Interested in hearing how industry veterans approach pre-production after a successful Kickstarter campaign? Perihelion Interactive recently sent out a newsletter with updates on their recently funded game, The Mandate, which is currently in pre-production. The newsletter provides great educational material for both designers and producers. Their team has to be commended for sharing light and answering forum questions with such detailed responses. Some questions remain unanswered, but in most cases they acknowledge that these particular problems are still being addressed. The condensed status update includes:
- More programmers have been added but the rest of the team have not been finalized due to legal obstacles and holding out for potential key players
- Their character artist broke his Wacom tablet and is focusing on creating concept art for NPC units and other side tasks until his replacement arrives
- Funding has reached $725,000, and the project is still scheduled for release in early 2015
The more interesting revelations from the newsletter include producer-level insight into adding mod support, their depiction of features in a two-by-two matrix of risk versus value, and how development is being staged during preproduction for both art and gameplay elements.
The stretch goal for mod support has not been reached yet, but additional backers on BackerKit have added $25,000 since the Kickstarter campaign ended. Perihelion intends to honour all Kickstarter funding tiers reached before the end of March this year. With just $75,000 more to go until the mod support funding tier has been met, they are planning ahead now, during pre-production, to accommodate it during development. Mod support affects many other things including the software architecture that the game will be based on, what middleware solutions are acceptable, and what data structures can be used to provide the flexibility that is needed. All of these technical design decisions are being made during pre-production, which is one of the major reasons they chose to expand their programming team before the other teams.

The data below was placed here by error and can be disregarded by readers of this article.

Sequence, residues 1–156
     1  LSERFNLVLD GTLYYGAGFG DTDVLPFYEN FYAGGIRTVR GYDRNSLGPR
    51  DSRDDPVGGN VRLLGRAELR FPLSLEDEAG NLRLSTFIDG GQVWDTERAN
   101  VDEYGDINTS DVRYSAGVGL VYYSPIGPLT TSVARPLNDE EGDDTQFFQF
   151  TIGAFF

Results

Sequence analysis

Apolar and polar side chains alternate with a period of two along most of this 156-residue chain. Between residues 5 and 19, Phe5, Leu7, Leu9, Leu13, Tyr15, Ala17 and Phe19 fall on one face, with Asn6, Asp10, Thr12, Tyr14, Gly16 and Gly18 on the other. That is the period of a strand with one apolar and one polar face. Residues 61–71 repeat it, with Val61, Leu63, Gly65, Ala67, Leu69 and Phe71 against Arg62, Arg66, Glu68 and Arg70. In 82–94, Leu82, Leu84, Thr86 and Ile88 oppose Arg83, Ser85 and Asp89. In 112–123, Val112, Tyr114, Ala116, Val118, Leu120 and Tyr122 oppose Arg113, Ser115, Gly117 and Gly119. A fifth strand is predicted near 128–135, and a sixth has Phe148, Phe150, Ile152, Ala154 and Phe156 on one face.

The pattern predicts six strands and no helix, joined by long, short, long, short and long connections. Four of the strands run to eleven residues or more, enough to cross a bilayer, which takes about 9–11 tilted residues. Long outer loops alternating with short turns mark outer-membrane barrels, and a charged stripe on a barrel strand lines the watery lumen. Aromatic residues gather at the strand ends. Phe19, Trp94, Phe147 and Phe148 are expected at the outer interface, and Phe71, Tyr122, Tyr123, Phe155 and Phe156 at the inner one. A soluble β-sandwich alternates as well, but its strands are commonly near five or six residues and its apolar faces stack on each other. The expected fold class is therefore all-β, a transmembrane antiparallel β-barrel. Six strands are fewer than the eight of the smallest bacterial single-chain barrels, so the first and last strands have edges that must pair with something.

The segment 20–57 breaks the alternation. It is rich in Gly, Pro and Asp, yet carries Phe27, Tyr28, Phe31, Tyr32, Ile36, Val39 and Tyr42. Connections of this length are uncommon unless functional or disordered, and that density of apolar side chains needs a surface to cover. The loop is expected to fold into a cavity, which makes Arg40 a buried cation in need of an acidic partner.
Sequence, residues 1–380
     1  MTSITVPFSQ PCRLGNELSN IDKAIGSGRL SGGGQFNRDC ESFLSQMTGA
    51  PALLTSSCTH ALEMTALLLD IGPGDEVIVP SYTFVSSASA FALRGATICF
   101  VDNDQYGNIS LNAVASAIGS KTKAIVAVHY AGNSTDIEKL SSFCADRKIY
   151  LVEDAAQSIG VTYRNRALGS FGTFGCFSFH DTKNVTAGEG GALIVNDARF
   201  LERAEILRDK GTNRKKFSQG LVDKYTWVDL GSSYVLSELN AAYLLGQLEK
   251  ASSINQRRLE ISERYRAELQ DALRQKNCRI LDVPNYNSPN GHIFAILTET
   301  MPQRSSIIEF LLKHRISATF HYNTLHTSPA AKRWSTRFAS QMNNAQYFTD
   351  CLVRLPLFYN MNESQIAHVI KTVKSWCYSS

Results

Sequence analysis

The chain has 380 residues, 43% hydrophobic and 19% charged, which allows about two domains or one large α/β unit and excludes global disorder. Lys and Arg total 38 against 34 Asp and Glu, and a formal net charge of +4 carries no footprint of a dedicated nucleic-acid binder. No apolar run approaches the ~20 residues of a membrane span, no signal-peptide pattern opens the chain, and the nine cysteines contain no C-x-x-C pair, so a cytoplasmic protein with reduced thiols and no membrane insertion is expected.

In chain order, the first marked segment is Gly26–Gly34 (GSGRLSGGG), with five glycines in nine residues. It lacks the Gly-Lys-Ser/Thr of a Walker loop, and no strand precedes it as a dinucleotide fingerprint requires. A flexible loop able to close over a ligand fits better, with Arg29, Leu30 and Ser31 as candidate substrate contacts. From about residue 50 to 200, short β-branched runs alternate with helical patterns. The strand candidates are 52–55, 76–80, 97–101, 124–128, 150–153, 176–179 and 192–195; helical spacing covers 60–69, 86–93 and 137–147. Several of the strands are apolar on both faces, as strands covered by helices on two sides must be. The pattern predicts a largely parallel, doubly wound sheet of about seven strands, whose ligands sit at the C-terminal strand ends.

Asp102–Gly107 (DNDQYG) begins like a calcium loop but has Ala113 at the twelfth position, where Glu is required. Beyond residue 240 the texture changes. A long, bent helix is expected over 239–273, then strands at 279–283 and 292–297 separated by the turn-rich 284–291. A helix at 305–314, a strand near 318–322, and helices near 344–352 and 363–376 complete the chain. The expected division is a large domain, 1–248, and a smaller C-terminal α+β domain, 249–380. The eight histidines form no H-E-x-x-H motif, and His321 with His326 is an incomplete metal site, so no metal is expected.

This matrix represents the major features that are being discussed for The Mandate. In their own words, when trying to put a value on each feature: “Our first source is our game vision document. Secondly we had internal discussion on the developer team and we also looked at feedback from backers on both Kickstarter comments and the official forums [sic].” They intend to start designing with high value, high risk features in mind; then include other high value features; adding low value, low risk features before finally attempting the low value, high risk features. One of their clever ideas is to promote mod support as a way to allow the modding community to create the low value, high risk features that are out of scope for the official release. Personally, I believe the dynamic storyline and dynamic crew relationships are much higher risk than shown on the diagram. Their Kickstarter campaign made a lot of promises that depend heavily on dynamic crew relationships and it seems like the novelty of what they proposed would merit its inclusion in the high risk category.